She Is Mother — by MT

Hands rough from days of hard work, wrinkled, warm.

Eyes crinkled, laugh lines and soft folds of skin.

Greying hair and soft tummies.

Knowing smiles, disapproving looks.

She is mother.

She is the provider of life. The one who stays home, who works the fields, who spends countless hours worrying about her children.

She is mother.

She is stern. Soft. Tender. Tough. Challenging. Encouraging. Protective. Forgetful. Human. Goddess. Super hero.

She is a hug in the morning and a kiss goodnight. The first one I call to dry my tears. The soft whisper in my ear. The menacing threat of discipline when misbehaving. She is the rock of the family.

She is the cook, the doctor, the tailor, the farmer, the janitor, the maid, the babysitter, the nanny, the accountant, the judge, the peace keeper, the hair dresser, the stylist, the therapist, the teacher, the provider.

She is a listening ear, a comforting embrace, a familiar voice.

And yet, society deems her work, un-valuable.

She is un-thanked, unnoticed, “just there.”

The hours of domestic work she toils over is nothing in the eyes of economists and policy makers. She tends to be the only one in charge of children, household chores, family expenses, and other responsibilities. She is expected to do everything gracefully, without complaint, without asking for help. . . without error. She sacrifices portions of her youth, all of her free time, and does so quietly.

Her children are her wealth. Their wellbeing, their education, their health, their happiness: measures of her success.

What if we took care of our mothers? What if economists took into account the work a mother does in the home? What if businesses and public policies reflected that appreciation for Mothers? What if mothers were protected and promoted? Valued? Thanked? What if all family members were equal in the home?

She is mother.

Her “reproductive” labor earns her no social benefits, no health insurance, no pensions, no social security.1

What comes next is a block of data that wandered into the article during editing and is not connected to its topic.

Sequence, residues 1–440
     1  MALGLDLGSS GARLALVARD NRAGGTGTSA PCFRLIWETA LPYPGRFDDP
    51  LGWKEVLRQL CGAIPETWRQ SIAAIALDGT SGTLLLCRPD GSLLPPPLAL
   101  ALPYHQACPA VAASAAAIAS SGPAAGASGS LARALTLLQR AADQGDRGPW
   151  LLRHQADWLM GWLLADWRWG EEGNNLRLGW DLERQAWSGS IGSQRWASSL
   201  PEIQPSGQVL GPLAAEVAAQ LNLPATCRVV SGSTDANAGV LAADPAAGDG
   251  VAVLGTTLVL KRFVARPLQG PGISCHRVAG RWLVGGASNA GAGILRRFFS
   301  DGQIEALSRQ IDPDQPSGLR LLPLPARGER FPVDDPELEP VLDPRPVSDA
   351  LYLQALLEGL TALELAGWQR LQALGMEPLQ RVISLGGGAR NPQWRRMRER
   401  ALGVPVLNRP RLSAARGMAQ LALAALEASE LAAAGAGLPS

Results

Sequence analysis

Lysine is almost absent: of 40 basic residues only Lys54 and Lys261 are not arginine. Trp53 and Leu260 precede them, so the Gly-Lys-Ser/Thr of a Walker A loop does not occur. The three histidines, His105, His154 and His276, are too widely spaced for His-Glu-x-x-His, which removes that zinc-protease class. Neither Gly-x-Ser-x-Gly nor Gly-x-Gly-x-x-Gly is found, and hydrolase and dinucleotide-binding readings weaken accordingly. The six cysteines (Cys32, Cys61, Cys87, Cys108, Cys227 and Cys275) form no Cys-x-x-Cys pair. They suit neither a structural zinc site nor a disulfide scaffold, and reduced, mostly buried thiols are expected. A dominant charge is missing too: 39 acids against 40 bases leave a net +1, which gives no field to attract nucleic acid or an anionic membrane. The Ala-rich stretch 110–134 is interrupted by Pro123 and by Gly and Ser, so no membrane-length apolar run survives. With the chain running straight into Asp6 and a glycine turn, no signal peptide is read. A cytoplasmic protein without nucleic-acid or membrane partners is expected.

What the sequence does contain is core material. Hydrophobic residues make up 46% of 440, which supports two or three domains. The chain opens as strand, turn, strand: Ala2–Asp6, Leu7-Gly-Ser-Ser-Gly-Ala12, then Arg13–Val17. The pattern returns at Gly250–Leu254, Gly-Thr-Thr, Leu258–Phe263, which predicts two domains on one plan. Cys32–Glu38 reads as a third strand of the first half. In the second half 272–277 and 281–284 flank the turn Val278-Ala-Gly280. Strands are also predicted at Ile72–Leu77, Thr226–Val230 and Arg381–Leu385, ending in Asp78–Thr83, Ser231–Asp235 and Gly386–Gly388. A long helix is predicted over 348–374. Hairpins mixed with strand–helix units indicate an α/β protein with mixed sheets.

Nay. These are for those married to an “economically productive spouse” or “economically productive” themselves.1

The success of free markets, of nations, of economies, of societies—around the globe rest on her shoulders, on her willingness to dedicate her life to labors with no remuneration, with no recognition, with little consideration.

Sometimes she works another job, a double job, double duty, a career woman—twice.

She is mother.

Her role is not easy. Her tasks are challenging. Her days are long and busy. And she’ll do it all.

Now doesn’t that sound to you like a woman who deserves appreciation? Admiration? Protection? A shared role in decision making in the household? A voice? Rights? Security?

I can’t think of a person more deserving.




1. Hudson, V. M, Ballif-Spanvill, B., Caprioli, M., & Emmett, C. (2012) Sex and World Peace.

*Additional sources:




5 thoughts on “She Is Mother — by MT

  1. Caroline says:

    This is beautifully stated. I love this post! MT, this is almost poetic. Thank you for pointing out the necessity of mothers and all that they do!

  2. Victoria says:

    Beautifully written. I look forward to the day when women are finally compensated for their labor in the home, and when they’re allowed fulfillment outside of those walls as well.

  3. LAE says:

    This is so elegantly written and I tip my hat off to MT. Wonderful post. I was just having a conversation about this subject with one of my coworkers yesterday. Being a mother is a full time job and a thankless one at that. Women should be compensated for this because without them, our society would not be able to culturally and physically reproduce. That is valuable, that is worth something! Great post

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